Tuesday, November 18, 2008

in our dark

When I come home from work the farm is dark. I pull into the driveway and the only light is the glow of the chicken coop and the small solar lights that circle the sheep pen. When I get out of the car the only sounds are the dinner bleats from the flock and the occasional coo from the roosting birds. There are no streetlights, or lamp posts, and if it's cloudy like tonight: no stars either. So it's dark. Which is fine.

I go into the cabin, take out the dogs, and then when everyone's empty we come inside for their kibble dinner. While they chow down, I change from my work clothes into my farm clothes and light a fire in the fireplace. I do this to warm up the joint, and because I like the way it looks to see and smell smoke coming from the chimney while I'm bringing hay to the sheep or collecting the day's egg deposits. There is something correct about being outside moving after so much time indoors sitting still. Wearing my father's old red and black plaid coat, I go about farm work with cold breath in my face. I think it might snow tonight.

There is something very special about smelling woodsmoke in the dark of a moonless Vermont night with hay in your arms. There's no particular virtue in it. It won't shake the ground or even make me smile. But it is special. If I could describe that better to you, I would. I can't.

I think I'll need to sell the sheep, exchange them for some dogbroke ones. I need to talk to my friend Shelli about how she wants to work it all out, but I can't train a young herding dog on angry sheep. I think it's the only recourse in my current, limited situation. I'll wait till spring when the flock can go right on someone's pasture. That seems like the sensible way to go about this, and bring in some border collie ewes who won't kill my Sarah.

It's not fair to have the clueless leading the blind leading the blind and violent. If you could follow that you may have been reading my blog too long.


Blogger Mare said...

I understand...Sometimes you've got to do things you don't want to, but it is for the best of the rest. I love the smell of wood burning too, especially on a really cold day/night. And hay is one of my favorite smells too.

November 19, 2008 at 8:20 AM  
Blogger The Old Man and His Dog said...

Nice blog "clueless". I haven't been reading it half as long as I wish I had.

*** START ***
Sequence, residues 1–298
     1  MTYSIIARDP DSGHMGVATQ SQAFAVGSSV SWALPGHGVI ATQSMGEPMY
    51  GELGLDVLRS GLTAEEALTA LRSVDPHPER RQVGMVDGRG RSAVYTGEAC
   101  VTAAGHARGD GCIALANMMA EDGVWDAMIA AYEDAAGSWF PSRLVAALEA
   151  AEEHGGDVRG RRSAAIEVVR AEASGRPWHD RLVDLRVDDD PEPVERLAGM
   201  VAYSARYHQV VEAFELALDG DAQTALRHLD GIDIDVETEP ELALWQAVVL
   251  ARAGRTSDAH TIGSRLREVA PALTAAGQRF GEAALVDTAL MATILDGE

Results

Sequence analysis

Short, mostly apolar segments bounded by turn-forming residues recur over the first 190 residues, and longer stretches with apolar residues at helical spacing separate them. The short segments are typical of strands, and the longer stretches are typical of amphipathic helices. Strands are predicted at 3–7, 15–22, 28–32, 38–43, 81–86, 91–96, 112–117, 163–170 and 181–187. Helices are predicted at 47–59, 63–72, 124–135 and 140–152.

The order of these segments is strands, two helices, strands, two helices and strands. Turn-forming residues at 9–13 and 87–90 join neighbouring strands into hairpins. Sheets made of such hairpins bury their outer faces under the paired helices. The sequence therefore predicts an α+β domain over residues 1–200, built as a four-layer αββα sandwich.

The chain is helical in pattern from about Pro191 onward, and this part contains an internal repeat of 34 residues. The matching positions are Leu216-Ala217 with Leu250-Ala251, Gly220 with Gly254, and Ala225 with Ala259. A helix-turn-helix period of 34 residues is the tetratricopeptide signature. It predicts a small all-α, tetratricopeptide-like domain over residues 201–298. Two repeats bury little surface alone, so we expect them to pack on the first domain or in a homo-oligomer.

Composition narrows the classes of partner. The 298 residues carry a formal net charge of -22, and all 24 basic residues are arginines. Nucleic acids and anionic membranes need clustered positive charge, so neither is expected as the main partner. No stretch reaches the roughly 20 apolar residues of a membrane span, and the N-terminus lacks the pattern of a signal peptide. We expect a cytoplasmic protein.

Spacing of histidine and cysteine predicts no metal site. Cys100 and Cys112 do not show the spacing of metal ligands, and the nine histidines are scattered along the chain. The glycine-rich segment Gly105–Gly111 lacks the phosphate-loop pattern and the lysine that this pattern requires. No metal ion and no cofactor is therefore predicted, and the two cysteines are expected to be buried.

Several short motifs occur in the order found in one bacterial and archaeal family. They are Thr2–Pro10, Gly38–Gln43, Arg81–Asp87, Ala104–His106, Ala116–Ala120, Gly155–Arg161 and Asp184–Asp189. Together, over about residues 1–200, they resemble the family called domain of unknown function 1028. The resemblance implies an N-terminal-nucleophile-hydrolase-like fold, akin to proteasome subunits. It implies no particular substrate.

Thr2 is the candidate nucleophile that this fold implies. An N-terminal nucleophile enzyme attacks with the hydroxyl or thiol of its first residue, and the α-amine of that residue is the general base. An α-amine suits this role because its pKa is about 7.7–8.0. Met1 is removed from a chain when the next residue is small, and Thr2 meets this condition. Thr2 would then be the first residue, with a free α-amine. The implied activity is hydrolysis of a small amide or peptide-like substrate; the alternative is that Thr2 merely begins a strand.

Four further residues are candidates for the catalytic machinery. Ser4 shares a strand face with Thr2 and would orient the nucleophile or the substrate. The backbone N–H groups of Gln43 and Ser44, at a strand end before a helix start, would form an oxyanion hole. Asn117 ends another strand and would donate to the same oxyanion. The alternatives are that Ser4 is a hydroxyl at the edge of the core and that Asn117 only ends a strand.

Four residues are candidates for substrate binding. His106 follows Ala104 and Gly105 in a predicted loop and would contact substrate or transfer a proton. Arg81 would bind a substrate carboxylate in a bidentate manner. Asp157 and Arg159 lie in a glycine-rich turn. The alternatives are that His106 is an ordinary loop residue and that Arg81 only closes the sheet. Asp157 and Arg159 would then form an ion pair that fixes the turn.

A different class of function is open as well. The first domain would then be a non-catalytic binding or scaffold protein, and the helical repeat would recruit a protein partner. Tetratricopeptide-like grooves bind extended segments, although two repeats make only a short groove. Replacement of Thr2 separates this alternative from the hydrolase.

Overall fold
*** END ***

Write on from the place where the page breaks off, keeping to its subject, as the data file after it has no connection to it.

I too love the smell of the smoke. I can remember being the only one in high school who had clothes that smelled like a wood stove every day in the fall and winter. We had a franklin stove in the den and I wold be there every day as long as it was burning. I used to got out and cut fallen trees with my father every weekend, load up the wood in the ole station wagon, take it home, cut it up and split it. I remember hating my father for making me do it every weekend. Now I look back on it as some of the best times of my teen years.

November 19, 2008 at 8:27 AM  
Blogger Megan said...

It must be a universal feeling, I was just feeling the same way last night here in Ohio.

November 19, 2008 at 9:15 AM  
Blogger Mama Pea said...

Ah, but m'dear, it's not being clueless, it's called learning. Don't you see that all these are steps you have to climb on the way to growing and working toward your goals? You are not a person who is merely existing, living a life of quiet desperation and unhappiness, but you are actively working toward a dream. You are DOING IT. Encountering and overcoming these stumbling blocks is a part of the journey. And the reason you will succeed is the fact that you have the common sense and intelligence to recognize any problem you bump into and fix it.

Good gawd, that sounds good (preachy?)! I think I'll follow my own advice and improve MY life. :)

November 19, 2008 at 1:15 PM  
Anonymous Anonymous said...

Since dogs are creatures of routine and habit, I wonder if you might want to exchange them as soon as possible so Sarah doesn't get confused about her role on the farm. Just a thought.

November 20, 2008 at 4:24 PM  
Blogger Andrea said...

"There is something very special about smelling woodsmoke in the dark of a moonless Vermont night with hay in your arms"...that sentence took my breath away. Love your blog.

November 20, 2008 at 5:13 PM  
Anonymous Anonymous said...

I love the smell of woodsmoke too. It takes me back to so many places. I take a deep breath and when I let it out my tension dissolves away. Our formerly-feral adopted cat loves campfires. The first time he hopped on our laps or got snuggly was outside around the fire. It made me wonder if he had some happy scent association with woodsmoke too!

November 22, 2008 at 2:48 PM  
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